However, there are some subtle quirks which suggest car sites hadn't quite grasped their purpose just yet, with a 'Traffic Net' page which gave the unique ability to get traffic news from a car manufacturer. In more recent times, Vauxhall now serve up a clean and crisp website that provides an insight into their shifting brand priorities, with commercial vans now taking a much more dominant position on the homepage.
The Future Of Automotive Websites
What’s next for automotive websites? While they’ve already come a long way from painful dark backgrounds and stock photos - alongside the growth of electric cars over the coming decade the motoring industry has some incredibly exciting interactive developments in store for us in the coming years.
Use of Augmented Reality for Car Purchasing
AR will bridge the gap between a car being announced at a press conference and it hitting the showroom. Users will be able to use the camera of a tablet device to see a 3D render of the newly released car right in front of their eyes. AR could be used in this way months or even years before the first car rolls off the production line, creating a surreal experience for users. The technology will also allow users to change the colour of cars within the showroom live on the screen, along with other specifications.
Virtual Car Showrooms
Replicating a real-life showroom, its virtual car showroom counterpart allows customers to make a purchasing decision without actually being there in person. Users are able to freely explore the cars on offer without restrictions and also enabling the automotive company to cut costs. Why build a physical showroom that only a small number of people can get to, when everyone around the world can access a virtual version online.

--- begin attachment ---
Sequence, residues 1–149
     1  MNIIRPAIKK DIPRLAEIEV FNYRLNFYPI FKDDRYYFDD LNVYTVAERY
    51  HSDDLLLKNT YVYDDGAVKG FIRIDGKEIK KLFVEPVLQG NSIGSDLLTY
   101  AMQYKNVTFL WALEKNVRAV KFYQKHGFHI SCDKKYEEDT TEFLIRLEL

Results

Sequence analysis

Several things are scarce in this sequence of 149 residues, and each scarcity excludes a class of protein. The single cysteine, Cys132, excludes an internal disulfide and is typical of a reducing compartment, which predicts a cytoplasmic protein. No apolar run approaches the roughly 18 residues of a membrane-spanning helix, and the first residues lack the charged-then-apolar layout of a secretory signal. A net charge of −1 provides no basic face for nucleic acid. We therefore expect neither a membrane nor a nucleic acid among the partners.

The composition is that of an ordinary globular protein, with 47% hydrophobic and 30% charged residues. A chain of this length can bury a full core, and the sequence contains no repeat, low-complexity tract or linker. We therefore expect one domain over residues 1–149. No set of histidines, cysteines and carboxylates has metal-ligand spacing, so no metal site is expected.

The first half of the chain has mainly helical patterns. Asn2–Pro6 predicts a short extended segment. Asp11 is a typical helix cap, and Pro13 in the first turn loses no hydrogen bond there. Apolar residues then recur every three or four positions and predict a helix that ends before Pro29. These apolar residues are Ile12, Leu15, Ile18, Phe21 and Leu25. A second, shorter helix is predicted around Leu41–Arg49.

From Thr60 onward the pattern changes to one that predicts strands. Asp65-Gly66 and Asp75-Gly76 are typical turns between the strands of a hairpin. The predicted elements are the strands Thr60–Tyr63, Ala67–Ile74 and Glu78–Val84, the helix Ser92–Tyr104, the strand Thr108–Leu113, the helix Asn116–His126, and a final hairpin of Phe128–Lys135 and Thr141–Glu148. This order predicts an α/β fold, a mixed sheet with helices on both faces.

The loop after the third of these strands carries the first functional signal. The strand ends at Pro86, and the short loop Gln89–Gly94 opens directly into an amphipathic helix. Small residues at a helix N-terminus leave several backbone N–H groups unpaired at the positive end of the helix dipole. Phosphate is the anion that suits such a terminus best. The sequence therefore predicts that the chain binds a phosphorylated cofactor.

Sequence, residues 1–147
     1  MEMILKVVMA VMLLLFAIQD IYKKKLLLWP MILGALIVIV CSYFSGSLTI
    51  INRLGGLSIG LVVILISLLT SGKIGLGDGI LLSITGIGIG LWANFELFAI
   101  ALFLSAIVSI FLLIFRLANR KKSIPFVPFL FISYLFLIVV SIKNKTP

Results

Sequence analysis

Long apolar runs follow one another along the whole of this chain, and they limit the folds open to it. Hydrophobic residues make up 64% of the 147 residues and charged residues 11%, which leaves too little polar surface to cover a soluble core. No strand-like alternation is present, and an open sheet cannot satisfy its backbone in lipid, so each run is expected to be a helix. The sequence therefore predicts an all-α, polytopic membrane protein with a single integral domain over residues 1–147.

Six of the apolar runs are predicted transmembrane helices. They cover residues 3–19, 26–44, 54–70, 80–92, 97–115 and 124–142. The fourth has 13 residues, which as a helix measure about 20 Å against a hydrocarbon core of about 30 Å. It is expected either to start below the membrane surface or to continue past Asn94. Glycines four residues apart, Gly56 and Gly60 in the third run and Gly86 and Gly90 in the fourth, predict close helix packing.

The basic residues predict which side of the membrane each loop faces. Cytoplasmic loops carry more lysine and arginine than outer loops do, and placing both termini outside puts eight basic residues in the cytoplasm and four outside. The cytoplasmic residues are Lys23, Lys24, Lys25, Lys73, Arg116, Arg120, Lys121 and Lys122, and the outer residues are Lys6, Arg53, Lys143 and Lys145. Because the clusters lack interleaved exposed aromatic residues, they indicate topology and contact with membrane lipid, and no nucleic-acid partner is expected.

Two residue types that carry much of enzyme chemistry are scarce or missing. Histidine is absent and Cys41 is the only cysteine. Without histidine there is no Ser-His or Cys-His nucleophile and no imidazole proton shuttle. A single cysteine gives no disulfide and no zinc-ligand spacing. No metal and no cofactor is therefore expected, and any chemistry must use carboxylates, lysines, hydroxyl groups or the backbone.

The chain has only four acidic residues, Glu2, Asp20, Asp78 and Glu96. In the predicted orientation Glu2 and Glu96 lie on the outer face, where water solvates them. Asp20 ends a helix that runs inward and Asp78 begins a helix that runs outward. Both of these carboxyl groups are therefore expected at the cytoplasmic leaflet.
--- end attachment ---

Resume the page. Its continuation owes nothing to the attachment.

Virtual 3D Mechanical Interaction with Cars
Users will be able to interact with the internal components of a car using 3D renders, substitute them and test the impact of performance in real time. The same technology can also be used as an educational tool for those motorists who are less mechanically minded. Companies have already began implementing this in their showrooms. Delphi, a leading car part manufacturer, recently created an “X-ray Car Experience” which allowed users to interact with the internal components of a Honda Civic in real time.
Direct Car Purchasing Online
As we stand in 2020, Tesla are the only car company in the world who offer the ability to buy a vehicle exclusively on their website, without the need to interact with a salesperson. The Federal Trade Commission ranks dealership salespeople as one of the top ten most complained about professions, so why not cut out the middleman? Much controversy was generated when Elon Musk revealed this plan, with customers being asked to buy a car without even having a test drive. But so far, it seems to be working just fine.
Virtual Car Test Drives
Brands have already begun implementing the ability for a user to take a virtual test drive from the comfort of their home. Although still in their infancy, 360 degree panoramic videos are being experimented with tech such as the Honda Civic Real View Test Drive. This enables the user to virtually sit inside the car, use their mouse to rotate the screen and check out the rest of the interior such as the back seats and sunroof.